Logical Positivism

As a defense against the Witch-doctory of Hegel, who claimed universal omniscience, the scientist was offered the combined neo-mystic Witch-doctory and Attila-ism of the Logical Positivists. They assured him that such concepts as metaphysics or existence or reality or thing or matter or mind are meaningless—let the mystics care whether they exist or not, a scientist does not have to know it; the task of theoretical science is the manipulation of symbols, and scientists are the special elite whose symbols have the magic power of making reality conform to their will (“matter is that which fits mathematical equations”). Knowledge, they said, consists, not of facts, but of words, words unrelated to objects, words of an arbitrary social convention, as an irreducible primary; thus knowledge is merely a matter of manipulating language. The job of scientists, they said, is not the study of reality, but the creation of arbitrary constructs by means of arbitrary sounds, and any construct is as valid as another, since the criterion of validity is only “convenience” and the definition of science is “that which the scientists do.” But this omnipotent power, surpassing the dreams of ancient numerologists or of medieval alchemists, was granted to the scientist by philosophical Attila-ism on two conditions: a. that he never claim certainty for his knowledge, since certainty is unknown to man, and that he claim, instead, “percentages of probability,” not troubling himself with such questions as how one calculates percentages of the unknowable; b. that he claim as absolute knowledge the proposition that all values lie outside the sphere of science, that reason is impotent to deal with morality, that moral values are a matter of subjective choice, dictated by one’s feelings, not one’s mind.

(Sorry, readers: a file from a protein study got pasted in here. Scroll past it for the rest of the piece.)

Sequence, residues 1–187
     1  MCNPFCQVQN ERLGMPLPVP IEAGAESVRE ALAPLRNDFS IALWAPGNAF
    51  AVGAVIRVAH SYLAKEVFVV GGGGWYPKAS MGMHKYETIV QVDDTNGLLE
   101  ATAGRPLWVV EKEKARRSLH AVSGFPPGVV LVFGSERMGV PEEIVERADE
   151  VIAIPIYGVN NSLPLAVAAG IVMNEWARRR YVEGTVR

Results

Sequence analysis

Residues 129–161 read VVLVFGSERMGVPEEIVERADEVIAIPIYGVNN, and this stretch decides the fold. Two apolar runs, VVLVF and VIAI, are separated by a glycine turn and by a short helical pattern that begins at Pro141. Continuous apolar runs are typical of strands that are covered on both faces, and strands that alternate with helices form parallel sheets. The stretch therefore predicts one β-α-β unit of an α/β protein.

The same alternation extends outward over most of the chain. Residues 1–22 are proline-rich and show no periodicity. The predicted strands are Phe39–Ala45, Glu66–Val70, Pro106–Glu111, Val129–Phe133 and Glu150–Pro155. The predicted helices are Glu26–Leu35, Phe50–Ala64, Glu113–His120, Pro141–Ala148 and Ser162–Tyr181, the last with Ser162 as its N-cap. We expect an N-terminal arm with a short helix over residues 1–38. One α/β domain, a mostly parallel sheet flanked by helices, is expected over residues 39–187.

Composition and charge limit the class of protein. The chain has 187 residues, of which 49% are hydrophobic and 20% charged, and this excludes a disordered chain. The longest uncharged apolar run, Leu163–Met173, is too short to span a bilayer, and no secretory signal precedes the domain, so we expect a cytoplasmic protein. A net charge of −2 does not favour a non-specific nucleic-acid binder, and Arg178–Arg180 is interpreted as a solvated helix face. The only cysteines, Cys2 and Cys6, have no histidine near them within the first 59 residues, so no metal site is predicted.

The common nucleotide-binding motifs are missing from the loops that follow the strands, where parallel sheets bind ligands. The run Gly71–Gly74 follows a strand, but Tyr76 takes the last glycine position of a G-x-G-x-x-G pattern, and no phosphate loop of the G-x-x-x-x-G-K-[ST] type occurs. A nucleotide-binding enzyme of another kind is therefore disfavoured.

Ever since Kant divorced reason from reality, his intellectual descendants have been diligently widening the breach. In the name of reason, Pragmatism established a range-of-the-moment view as an enlightened perspective on life, context-dropping as a rule of epistemology, expediency as a principle of morality, and collective subjectivism as a substitute for metaphysics. Logical Positivism carried it farther and, in the name of reason, elevated the immemorial psycho-epistemology of shyster-lawyers to the status of a scientific epistemological system—by proclaiming that knowledge consists of linguistic manipulations.

If [the student “rebels”] “seem unable to formulate or sustain a systematized political theory of society,” yet shriek with moral righteousness that they propose to achieve their social goals by physical force—hasn’t Logical Positivism taught them that ethical propositions have no cognitive meaning and are merely a report on one’s feelings or the equivalent of emotional ejaculations? If they are savagely blind to everything but the immediate moment—hasn’t Logical Positivism taught them that nothing else can be claimed with certainty to exist?

Logical Positivism declares that “reality,” “identity,” “existence,” “mind” are meaningless terms, that man can be certain of nothing but the sensory perceptions of the immediate moment . . . it declares that the meaning of the proposition: “Napoleon lost the battle of Waterloo” is your walk to the library where you read it in a book.

Copyright © 1986 by Harry Binswanger. Introduction copyright © 1986 by Leonard Peikoff. All rights reserved. For information address New American Library.


Excerpts from The Ominous Parallels, by Leonard Peikoff. Copyright © 1982 by Leonard Peikoff. Reprinted with permission of Stein and Day Publishers. Excerpts from The Romantic Manifesto, by Ayn Rand. Copyright © 1971, by The Objectivist. Reprinted with permission of Harper & Row, Publishers, Inc. Excerpts from Atlas Shrugged, copyright © 1957 by Ayn Rand, The Fountainhead, copyright © 1943 by Ayn Rand, and For the New Intellectual, copyright © 1961 by Ayn Rand. Reprinted by permission of the Estate of Ayn Rand. Excerpts from Philosophy: Who Needs It, by Ayn Rand. Copyright © 1982 by Leonard Peikoff, Executor, Estate of Ayn Rand. Reprinted by permission of the Estate of Ayn Rand. Excerpts from “The Philosophy of Objectivism” lecture series. Copyright © 1976 by Leonard Peikoff. Reprinted by permission. Excerpts from Alvin Toffler’s interview with Ayn Rand, which first appeared in Playboy magazine. Copyright © 1964. Reprinted by permission of Alvin Toffler. All rights reserved including the right of reproduction in whole or in part in any form. Used by arrangement with Plume, a member of Penguin Group (USA), Inc.